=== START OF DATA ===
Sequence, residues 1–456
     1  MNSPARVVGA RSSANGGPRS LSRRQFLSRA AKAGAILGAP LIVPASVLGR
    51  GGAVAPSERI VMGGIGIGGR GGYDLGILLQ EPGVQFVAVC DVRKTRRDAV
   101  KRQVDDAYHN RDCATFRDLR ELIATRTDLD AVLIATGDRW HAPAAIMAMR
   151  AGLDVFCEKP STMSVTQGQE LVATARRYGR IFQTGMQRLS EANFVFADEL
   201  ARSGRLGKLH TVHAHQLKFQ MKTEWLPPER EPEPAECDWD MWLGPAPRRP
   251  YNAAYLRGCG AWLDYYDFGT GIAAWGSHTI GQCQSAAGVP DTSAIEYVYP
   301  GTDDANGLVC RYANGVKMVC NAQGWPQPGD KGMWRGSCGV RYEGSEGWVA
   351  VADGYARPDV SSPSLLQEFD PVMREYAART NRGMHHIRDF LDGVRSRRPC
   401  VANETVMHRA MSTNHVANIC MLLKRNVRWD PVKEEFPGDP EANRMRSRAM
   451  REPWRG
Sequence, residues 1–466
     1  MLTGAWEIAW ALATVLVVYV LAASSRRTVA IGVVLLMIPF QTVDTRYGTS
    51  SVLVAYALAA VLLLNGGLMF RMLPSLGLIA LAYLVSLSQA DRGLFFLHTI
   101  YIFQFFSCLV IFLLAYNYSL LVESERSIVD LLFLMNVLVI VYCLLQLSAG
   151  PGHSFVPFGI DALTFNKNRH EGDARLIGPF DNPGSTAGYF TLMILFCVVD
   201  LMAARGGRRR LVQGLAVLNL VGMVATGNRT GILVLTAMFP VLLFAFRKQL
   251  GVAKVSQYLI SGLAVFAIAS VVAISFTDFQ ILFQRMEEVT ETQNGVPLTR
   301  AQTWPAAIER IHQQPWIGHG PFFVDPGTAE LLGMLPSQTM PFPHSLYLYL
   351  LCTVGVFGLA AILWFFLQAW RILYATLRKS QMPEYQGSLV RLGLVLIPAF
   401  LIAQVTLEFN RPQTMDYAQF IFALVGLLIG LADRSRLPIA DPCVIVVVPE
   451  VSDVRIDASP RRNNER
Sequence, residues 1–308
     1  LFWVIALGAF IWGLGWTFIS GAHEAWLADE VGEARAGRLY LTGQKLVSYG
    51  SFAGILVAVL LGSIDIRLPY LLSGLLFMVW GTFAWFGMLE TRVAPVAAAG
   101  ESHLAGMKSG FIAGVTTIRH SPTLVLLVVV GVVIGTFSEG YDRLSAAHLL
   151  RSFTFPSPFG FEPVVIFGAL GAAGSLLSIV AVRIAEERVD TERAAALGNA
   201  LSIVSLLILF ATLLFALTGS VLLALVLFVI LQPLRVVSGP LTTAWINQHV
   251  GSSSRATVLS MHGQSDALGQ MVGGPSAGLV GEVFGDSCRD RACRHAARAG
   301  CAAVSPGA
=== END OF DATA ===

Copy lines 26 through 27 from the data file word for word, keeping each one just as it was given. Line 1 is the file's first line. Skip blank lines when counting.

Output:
   101  ESHLAGMKSG FIAGVTTIRH SPTLVLLVVV GVVIGTFSEG YDRLSAAHLL
   151  RSFTFPSPFG FEPVVIFGAL GAAGSLLSIV AVRIAEERVD TERAAALGNA